Fig. 2.1

The large Japanese field mouse (Apodemus speciosus)

The general information of the field mouse is as described below [13]. The ranges of their external measurements are as follows: head and body lengths, 80–140 mm; tail length, 70–130 mm; hindfoot length (not including claw), 22–28 mm; and body weight, 20–60 g. The species inhibits in Hokkaido, Honshu, Kyushu and islands larger than 10 km2. The habitats of the species are forests, plantations, riverside fields with dense grass, paddy fields and cultivated fields. Their diet consists of root and stems of herbaceous plants, nuts, berries and small insects. The breeding season varies geographically, from April to September in Sapporo City (Hokkaido), from March to April and September to November in Kyoto Prefecture (Honshu), and from October to March in Nagasaki Prefecture (Kyushu). The gestation period is 19–26 days under laboratory condition. The average litter size is 4.0–6.2 in the wild. The reported maximum life span in the wild is estimated to be 15 months in Hokkaido and 26 months in Honshu based on live trapping. Three chromosome types are observed in these species, 2n = 46 type is distributed in Western Japan, and 2n = 48 is distributed in Eastern Japan. The hybrid type 2n = 47 occurs on boundary of both types and is the so-called Kurobe–Hamamatsu Line.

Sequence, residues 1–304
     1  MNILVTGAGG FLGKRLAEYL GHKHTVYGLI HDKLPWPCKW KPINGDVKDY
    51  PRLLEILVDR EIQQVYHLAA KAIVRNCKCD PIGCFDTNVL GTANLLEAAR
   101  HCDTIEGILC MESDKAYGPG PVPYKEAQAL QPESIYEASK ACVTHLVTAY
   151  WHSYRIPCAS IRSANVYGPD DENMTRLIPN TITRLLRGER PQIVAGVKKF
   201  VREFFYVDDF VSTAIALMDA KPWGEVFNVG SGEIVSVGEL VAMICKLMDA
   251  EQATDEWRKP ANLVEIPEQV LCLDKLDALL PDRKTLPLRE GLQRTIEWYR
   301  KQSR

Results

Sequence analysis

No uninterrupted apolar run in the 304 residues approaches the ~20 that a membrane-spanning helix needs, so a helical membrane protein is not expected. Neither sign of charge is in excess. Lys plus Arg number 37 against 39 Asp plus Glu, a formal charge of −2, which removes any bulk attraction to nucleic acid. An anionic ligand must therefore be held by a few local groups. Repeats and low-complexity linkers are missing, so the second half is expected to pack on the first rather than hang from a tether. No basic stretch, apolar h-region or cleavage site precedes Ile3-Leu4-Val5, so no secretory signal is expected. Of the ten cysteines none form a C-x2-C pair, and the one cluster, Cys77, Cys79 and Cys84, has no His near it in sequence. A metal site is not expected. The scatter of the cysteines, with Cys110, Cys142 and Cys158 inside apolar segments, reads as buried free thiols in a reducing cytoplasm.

2.2.2 External Dose Rate

External dose rate was calculated from daily external dose rate based on the ambient dose equivalent rate of gamma-radiation at ground level of the trapping site.

2.2.2.1 Characteristic of Trapping Site